A forum on health care reform featuring people who have been adversely affected by the current system that relies on private insurance will be held Thursday. Entitled “National Health Care Reform: The Time Is Now,” the forum will be held from 6:30-8 p.m. at St. Monica/St. George Parish Center, 328 W. McMillan St., Clifton Heights.
Among panelists who will speak at the forum are uninsured people, small business owners who can't afford premiums for their workers and physicians.
The good news first: Most of HB 194 is being repealed. It’s good to see Republicans follow the advice of Ohio Secretary of State Jon Husted, a moderate Republican who called or the repeal of HB 194 earlier this year.The bad news: Some new limits on voting rights are going to remain in place, and the entire repeal process, which involves the passing of SB 295, might be unconstitutional.
While it’s good to see HB 194 repealed, it’s not the only voting law Republicans enacted last year. The Ohio legislature also passed HB 224, which prohibited voting the Saturday, Sunday and Monday before election day.For Democrats, this poses a bit of a problem. Democrats are happy to see most of the restrictions on voting repealed, but they want to see all of the restrictions repealed. If SB 295 passes, Democrats worry that the rest of the restrictions won’t be repealed because Republicans will think they have done enough.
Even the Obama team spoke on this issue. In an email to Obama supporters Tuesday, Greg Schultz, the Ohio State Director on the Obama team, urged voters to speak up: “This bill could mean an end to our last three days of early voting this November — and would change the rules, right in the middle of an election year. It's an unambiguous attack on our voting rights.”The other problem is the repeal could be unconstitutional. After HB 194 passed, voters were quick to speak out against the new law and put it up for referendum in the November 2012 ballot. So Republicans are repealing a law that is already up for referendum. This is the first time that’s happened in the Ohio legislature, and Democrats claim it might be unconstitutional.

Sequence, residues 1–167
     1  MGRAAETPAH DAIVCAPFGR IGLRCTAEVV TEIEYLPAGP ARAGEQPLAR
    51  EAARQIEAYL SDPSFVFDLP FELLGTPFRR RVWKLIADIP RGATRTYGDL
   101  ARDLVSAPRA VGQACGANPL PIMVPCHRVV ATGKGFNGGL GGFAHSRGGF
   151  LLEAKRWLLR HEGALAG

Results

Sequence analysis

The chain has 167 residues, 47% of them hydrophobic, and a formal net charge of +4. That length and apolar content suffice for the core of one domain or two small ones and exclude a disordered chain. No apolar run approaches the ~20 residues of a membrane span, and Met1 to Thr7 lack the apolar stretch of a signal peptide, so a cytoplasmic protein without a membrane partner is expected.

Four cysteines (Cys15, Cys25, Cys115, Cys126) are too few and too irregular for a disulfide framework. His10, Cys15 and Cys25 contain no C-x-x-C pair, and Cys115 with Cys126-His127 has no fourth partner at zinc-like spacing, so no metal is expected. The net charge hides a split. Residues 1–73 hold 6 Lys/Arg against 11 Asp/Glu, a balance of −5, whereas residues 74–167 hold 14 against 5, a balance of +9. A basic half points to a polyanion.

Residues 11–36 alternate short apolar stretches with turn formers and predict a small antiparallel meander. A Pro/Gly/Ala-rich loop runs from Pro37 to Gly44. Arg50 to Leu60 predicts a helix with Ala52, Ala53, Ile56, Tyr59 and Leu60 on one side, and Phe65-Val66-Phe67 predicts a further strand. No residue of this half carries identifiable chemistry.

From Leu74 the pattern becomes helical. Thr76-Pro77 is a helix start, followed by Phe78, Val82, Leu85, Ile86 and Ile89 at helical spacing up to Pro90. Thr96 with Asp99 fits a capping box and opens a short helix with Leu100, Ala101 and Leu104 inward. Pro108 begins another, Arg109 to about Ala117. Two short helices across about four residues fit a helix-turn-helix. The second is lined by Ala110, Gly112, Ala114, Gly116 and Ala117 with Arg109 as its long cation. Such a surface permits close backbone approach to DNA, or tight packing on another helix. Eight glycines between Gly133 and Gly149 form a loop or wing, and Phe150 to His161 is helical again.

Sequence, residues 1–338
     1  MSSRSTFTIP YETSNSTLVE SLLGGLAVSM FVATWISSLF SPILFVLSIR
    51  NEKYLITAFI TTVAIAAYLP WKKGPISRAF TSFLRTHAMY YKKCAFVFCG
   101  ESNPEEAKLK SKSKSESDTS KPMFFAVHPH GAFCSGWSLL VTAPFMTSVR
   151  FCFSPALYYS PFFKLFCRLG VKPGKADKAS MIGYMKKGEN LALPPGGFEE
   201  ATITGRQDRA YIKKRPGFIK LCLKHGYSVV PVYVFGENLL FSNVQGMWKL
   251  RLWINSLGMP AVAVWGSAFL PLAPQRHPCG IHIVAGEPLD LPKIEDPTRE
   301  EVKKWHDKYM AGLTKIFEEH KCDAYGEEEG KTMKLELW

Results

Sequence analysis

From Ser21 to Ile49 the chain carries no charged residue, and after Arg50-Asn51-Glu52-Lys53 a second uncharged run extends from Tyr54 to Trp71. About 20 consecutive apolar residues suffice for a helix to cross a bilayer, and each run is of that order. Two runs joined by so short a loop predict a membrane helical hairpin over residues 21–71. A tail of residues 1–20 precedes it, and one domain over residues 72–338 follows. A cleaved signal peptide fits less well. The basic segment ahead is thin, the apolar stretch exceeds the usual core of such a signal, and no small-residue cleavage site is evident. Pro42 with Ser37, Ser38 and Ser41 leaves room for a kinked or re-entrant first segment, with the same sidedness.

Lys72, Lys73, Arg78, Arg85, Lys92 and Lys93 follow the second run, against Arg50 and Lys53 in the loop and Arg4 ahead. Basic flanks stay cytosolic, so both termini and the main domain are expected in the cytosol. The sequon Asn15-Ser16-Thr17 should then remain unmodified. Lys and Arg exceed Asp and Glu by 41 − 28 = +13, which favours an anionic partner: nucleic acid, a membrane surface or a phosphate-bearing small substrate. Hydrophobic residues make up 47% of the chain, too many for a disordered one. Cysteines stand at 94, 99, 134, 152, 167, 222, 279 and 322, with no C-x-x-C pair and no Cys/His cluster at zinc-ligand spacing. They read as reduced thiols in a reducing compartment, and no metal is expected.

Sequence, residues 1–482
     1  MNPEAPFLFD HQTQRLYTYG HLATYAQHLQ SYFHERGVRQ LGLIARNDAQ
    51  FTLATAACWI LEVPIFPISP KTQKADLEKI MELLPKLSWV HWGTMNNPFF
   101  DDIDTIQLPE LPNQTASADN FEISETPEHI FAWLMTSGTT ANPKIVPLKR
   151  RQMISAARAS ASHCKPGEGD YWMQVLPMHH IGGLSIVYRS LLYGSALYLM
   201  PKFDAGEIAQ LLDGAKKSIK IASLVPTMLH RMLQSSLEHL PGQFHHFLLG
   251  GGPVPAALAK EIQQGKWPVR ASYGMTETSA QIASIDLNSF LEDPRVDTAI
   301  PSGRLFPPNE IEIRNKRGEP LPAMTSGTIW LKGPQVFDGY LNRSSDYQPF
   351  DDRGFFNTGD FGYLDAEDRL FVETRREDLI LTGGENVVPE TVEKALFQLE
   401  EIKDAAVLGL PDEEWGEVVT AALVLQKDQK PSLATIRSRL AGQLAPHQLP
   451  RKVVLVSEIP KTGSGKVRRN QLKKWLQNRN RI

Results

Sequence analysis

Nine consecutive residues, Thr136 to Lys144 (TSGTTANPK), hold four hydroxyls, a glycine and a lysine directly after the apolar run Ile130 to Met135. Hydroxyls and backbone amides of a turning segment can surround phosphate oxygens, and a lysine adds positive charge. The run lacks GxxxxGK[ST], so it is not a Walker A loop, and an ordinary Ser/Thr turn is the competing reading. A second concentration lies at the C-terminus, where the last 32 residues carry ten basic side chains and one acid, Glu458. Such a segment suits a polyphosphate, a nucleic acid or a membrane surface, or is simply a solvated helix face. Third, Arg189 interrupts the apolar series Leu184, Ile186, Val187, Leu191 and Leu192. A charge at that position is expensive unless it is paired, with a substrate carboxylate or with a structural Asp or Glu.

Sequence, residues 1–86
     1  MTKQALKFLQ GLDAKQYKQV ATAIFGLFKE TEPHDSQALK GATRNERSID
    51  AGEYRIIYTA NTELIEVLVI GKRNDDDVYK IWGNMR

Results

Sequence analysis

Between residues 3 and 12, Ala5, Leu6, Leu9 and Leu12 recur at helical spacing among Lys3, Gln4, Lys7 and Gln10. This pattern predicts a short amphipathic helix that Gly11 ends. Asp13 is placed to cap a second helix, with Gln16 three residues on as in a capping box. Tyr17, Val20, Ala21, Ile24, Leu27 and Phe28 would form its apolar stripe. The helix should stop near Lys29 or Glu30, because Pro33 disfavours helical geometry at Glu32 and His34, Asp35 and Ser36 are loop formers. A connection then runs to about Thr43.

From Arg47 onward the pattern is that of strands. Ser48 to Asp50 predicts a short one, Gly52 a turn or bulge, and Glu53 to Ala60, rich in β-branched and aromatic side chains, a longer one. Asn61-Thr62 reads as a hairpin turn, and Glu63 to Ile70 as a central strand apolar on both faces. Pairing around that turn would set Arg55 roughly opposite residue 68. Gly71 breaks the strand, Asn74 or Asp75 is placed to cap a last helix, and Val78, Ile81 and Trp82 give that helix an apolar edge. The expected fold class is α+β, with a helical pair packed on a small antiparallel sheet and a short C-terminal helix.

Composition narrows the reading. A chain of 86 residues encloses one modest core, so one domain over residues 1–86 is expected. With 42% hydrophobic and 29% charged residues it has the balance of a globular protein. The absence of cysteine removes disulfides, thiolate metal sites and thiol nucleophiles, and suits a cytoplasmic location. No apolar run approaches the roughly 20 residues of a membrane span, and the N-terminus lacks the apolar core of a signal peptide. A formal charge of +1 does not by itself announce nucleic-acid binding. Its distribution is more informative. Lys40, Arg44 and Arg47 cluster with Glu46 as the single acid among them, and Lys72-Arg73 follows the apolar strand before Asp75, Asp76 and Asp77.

Hundreds of local people interested in rebuilding the economy instead of complaining about it gathered today for two sessions organized by Gov. Ted Strickland and State Sen. Eric Kearney (D-Avondale) to explain Ohio’s portion of the federal stimulus package. Besides Strickland aides, representatives from the Ohio Department of Development, Ohio Department of Job and Family Services, Ohio Department of Administrative Services, Ohio Department of Transportation and the Ohio Benefit Bank were on hand to educate local small businesses and nonprofits about utilizing stimulus dollars.
Because it can take years after exposure for symptoms to develop, many people who are infected with the virus that causes AIDS don't even realize it. More than one million people in the United States are estimated to be living with HIV, and approximately one in five people with HIV are unaware they're infected, according to the Centers for Disease Control and Prevention.
A coalition of progressive groups will hold a national convention later this month in Madison, Wis., the site of a hard-fought political battle to protect collective bargaining rights for public-sector labor unions.
Democracy Convention 2011 is scheduled for Aug. 24-28, and is envisioned as the inaugural session of what will become an annual event. It will feature several conferences on topics like community organizing, curtailing corporate influence in politics, economic democracy, independent media and constitutional reform.
Cincinnati Vice Mayor Roxanne Qualls will lead a contingent of elected officials and community leaders on a road trip to Columbus on Monday to look at some apartment complexes built for homeless people there.
The group will tour two complexes built by National Church Residences (NCR) that provide permanent, supportive housing to formerly homeless individuals.
Local and national leaders working to advance equal rights for LGBT people will gather tonight in Covington to unveil a national award in honor of the late Nancy Minson.
The National Gay & Lesbian Task Force and the Cincinnati Women's Political Caucus is co-sponsoring “Light of One, Power of Many: A Night to Honor Nancy Minson.” The event will be held at The Carnegie Visual and Performing Arts Center in Covington, and begins with a reception at 6 p.m.